Removing the space in `a+ +b`?

Isiah Meadows isiahmeadows at gmail.com
Thu Jul 11 18:48:15 UTC 2019


The idea is to introduce a grammar hack that notices `a++b` and
evaluates it with identical semantics to `a+ +b`. C++ used a similar
trick to allow `Foo<Bar<T>>` in addition to `Foo< Bar<T> >` for nested
template application, because it previously conflicted with `>>`. For
instance, consider `Foo<Bar<T>> name(arg);`: it used to be parsed as
`(Foo < Bar) < (T >> name(arg));`, but they made a breaking change to
make it parse as a variable declaration of type `Foo<Bar<T>>` instead,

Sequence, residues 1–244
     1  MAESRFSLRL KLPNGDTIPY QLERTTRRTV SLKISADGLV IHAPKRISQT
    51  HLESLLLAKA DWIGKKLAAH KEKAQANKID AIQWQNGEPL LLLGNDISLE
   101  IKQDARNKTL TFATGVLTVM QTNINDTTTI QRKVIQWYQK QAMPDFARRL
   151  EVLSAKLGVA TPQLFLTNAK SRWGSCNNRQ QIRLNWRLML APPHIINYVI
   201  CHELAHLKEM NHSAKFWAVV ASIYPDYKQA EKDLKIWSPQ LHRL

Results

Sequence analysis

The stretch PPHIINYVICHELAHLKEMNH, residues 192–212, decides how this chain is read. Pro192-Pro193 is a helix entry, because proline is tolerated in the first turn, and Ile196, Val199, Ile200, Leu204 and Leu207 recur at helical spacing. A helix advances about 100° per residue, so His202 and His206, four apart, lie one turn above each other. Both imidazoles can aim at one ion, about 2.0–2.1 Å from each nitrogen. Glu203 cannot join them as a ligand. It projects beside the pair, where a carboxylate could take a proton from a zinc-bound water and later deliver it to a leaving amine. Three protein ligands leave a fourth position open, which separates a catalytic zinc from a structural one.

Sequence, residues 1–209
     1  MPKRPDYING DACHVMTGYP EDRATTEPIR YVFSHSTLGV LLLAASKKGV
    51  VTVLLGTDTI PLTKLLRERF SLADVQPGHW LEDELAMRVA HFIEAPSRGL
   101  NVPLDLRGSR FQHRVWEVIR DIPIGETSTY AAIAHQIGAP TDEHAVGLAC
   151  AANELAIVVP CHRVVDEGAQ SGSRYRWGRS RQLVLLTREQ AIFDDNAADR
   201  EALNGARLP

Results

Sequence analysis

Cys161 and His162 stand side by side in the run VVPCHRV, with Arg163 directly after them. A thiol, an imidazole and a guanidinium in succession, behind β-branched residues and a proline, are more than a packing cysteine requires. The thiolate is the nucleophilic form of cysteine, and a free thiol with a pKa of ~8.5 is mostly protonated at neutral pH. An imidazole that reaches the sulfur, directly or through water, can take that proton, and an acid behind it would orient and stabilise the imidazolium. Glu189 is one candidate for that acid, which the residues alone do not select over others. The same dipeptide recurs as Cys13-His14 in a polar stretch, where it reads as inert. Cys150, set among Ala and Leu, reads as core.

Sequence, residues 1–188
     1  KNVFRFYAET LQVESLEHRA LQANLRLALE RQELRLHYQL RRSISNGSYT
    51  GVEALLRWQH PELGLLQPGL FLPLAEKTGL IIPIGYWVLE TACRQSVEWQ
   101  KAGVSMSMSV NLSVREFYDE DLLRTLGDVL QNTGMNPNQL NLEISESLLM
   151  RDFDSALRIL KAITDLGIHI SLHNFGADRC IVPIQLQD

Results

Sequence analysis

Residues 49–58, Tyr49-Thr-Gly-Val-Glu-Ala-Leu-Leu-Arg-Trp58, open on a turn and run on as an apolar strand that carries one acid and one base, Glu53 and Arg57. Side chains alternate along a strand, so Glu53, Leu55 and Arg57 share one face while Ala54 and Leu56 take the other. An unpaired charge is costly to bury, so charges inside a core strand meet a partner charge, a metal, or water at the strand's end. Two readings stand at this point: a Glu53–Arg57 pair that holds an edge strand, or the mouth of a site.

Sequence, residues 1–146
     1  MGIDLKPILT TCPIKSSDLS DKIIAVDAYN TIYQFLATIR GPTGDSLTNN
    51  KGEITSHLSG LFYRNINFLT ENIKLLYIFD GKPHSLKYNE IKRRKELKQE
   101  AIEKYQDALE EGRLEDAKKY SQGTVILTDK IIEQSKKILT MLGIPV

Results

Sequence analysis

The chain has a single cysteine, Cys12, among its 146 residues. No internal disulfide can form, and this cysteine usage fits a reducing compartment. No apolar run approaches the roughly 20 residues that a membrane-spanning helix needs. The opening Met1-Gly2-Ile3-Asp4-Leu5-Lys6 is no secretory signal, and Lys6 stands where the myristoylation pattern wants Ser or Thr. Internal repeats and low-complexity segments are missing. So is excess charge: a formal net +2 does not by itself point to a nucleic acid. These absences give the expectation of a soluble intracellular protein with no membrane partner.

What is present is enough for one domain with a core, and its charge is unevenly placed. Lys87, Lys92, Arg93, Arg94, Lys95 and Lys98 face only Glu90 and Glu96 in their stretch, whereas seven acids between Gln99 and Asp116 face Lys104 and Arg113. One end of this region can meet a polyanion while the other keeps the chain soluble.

invoking the type's constructor with `arg`. I was suggesting a similar
hack, just in this case taking advantage of something that is
currently invalid.

BTW, I'm no longer behind my suggestion, and was never strongly in
favor of it to begin with.

-----

Isiah Meadows
contact at isiahmeadows.com
www.isiahmeadows.com

On Tue, Jul 9, 2019 at 2:50 PM ViliusCreator
<viliuskubilius416 at gmail.com> wrote:
>
> Lexer already sees `++` as operator, not `+` operator**s**. It can be hard to implement something like that.
>
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